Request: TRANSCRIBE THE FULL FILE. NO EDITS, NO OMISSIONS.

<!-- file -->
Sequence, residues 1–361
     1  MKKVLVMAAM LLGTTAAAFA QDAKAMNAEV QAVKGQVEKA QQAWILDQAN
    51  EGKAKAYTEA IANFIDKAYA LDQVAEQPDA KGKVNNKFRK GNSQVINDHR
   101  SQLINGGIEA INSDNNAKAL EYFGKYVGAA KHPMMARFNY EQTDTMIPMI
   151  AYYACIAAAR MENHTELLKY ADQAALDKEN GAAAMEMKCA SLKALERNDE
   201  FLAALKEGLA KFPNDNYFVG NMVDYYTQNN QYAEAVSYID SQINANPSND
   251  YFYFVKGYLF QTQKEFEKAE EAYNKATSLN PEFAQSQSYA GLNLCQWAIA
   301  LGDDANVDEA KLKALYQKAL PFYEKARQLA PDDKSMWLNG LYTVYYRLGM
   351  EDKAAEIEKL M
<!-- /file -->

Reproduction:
Sequence, residues 1–361
     1  MKKVLVMAAM LLGTTAAAFA QDAKAMNAEV QAVKGQVEKA QQAWILDQAN
    51  EGKAKAYTEA IANFIDKAYA LDQVAEQPDA KGKVNNKFRK GNSQVINDHR
   101  SQLINGGIEA INSDNNAKAL EYFGKYVGAA KHPMMARFNY EQTDTMIPMI
   151  AYYACIAAAR MENHTELLKY ADQAALDKEN GAAAMEMKCA SLKALERNDE
   201  FLAALKEGLA KFPNDNYFVG NMVDYYTQNN QYAEAVSYID SQINANPSND
   251  YFYFVKGYLF QTQKEFEKAE EAYNKATSLN PEFAQSQSYA GLNLCQWAIA
   301  LGDDANVDEA KLKALYQKAL PFYEKARQLA PDDKSMWLNG LYTVYYRLGM
   351  EDKAAEIEKL M